The three other instructions correspond to ETM_SetupMode(); call, which ends the ETM trace. Because the ETM trace slows down the program, it often makes sense to only enable it for specific parts of the code. This could be done through configuring code memory addresses to ETM, but often it is just easier to insert function calls to the code.

What is not shown is branches and non-executed instructions. They are pretty straightforward also, and the code shown of course reacts to the branches that are taken or not taken.

TPIU: the link to the outside world

There is still one component standing between the CPU and our logic analyzer: the Trace Port Interface Unit. This block formats the data into 16-byte packets, and also interleaves the ETM and ITM traces if both are enabled. However in practice the ETM trace generates so much data that ITM trace events get lost when ETM is enabled.

The TPIU can support 1-4 bit output bus for the trace data. Currently my sigrok decoders only support the 1-bit UART format, which in my opinion is the easiest to capture with a simple logic analyzer.

Configuring the CPU for tracing

The CPU doesn't just start outputting a trace when it starts up - the ITM/ETM blocks have to be enabled by register writes first. It is possible to do this either through a debugger, or by directly accessing the registers in code.

The STM32 and LPC17xx microcontrollers I have tried so far all disable the debug unit, including trace blocks, until a debugger has connected. So in practice you have to connect a debugger anyway atleast once after power on reset, even if you configure tracing in code like in the example.

The trace is output on the TRACESWO pin, which may be shared with GPIO on some chips. It is also typically shared with the JTAG bus, which means that you have to use a SWD debugger when tracing.

Example code and documentation

You can find an example project here. It is designed to run out-of-the-box on STM32 VL discovery, where the trace data comes out of PB3 pin. The STM32F100 on the cheapest discovery board however only has ITM tracing, so if you want to try ETM, you need STM32F105 or other higher-end controller.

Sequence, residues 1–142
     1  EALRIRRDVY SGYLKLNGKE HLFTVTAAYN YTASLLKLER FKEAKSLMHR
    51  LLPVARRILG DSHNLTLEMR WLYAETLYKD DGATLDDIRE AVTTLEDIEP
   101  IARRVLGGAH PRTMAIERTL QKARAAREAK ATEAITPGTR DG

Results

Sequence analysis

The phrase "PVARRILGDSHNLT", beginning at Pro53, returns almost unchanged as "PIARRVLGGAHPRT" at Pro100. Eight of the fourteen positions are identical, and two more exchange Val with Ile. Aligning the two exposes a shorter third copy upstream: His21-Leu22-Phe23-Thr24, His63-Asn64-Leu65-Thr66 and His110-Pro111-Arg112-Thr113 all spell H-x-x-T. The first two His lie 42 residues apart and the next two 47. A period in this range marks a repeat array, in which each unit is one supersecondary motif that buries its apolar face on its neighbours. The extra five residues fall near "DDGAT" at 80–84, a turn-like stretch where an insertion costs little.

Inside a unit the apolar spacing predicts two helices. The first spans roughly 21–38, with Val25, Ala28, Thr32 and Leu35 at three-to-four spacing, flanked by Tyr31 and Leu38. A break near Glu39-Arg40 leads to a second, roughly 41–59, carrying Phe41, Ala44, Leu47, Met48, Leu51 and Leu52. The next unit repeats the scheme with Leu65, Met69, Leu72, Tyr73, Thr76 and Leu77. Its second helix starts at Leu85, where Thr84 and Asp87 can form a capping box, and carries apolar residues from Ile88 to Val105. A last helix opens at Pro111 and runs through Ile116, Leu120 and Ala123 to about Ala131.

The sigrok decoders have been merged to the main git repo and should be included in nightly builds. If you want some test files while waiting for your FX2 to arrive, look at the sigrok-dumps repo. There is also some documentation on the wiki: ITM, ETM.

How to decode the traces

As an example, download the sigrok-dumps files. You will find an example file in the folder arm_trace/stm32f105/trace_example.sr. Open it in PulseView.

You should see the trace data on line 0. Do the following:

  1. From the toolbar menu, add UART decoder, select RX as 'SWO' and set baudrate to 8000000.
  2. Select "Stack decoder" and "ARM TPIU". Let the TPIU stream be "1" for ITM.
  3. Select "Stack decoder" and "ARM ITM". If you want, you can type in the full path to trace_example.elf to get the function names displayed.

Then again for ETM trace:

  1. From the toolbar menu, add UART decoder, select RX as 'SWO' and set baudrate to 8000000.
  2. Select "Stack decoder" and "ARM TPIU". Let the TPIU stream be "2" for ETM.
  3. Select "Stack decoder" and "ARM ETMv3". You probably want to type in the full path to trace_example.elf to get the instructions displayed.

Or in video form:

If your browser does not support WebM for video, you can either watch on YouTube or download the video.

– Petteri Aimonen on 4.3.2015